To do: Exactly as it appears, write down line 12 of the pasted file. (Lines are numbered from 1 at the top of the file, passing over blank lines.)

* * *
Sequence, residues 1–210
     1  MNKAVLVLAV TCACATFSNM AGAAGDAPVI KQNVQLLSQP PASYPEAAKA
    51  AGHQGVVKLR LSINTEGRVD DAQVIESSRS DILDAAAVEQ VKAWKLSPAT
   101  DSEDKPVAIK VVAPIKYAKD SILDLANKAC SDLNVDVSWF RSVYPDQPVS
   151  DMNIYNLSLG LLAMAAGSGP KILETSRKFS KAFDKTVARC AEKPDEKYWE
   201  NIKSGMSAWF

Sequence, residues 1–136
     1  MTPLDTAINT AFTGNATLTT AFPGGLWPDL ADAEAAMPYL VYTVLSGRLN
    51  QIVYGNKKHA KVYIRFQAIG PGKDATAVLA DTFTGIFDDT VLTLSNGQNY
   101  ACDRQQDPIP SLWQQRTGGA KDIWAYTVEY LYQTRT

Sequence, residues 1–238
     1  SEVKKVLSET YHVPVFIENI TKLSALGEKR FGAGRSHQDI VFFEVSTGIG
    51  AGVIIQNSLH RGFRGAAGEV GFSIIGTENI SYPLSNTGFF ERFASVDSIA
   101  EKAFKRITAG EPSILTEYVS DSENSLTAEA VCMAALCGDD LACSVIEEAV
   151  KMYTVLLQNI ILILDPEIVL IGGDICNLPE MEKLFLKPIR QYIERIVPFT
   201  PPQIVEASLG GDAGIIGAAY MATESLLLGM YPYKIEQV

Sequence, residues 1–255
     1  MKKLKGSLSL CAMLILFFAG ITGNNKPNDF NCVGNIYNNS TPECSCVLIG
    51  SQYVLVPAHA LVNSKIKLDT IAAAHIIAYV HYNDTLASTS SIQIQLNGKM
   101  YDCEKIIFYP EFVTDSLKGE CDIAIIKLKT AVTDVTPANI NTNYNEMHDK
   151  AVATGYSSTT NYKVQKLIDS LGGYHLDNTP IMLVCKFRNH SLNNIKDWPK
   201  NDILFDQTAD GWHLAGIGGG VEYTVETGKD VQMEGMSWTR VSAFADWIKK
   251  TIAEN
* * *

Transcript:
     1  SEVKKVLSET YHVPVFIENI TKLSALGEKR FGAGRSHQDI VFFEVSTGIG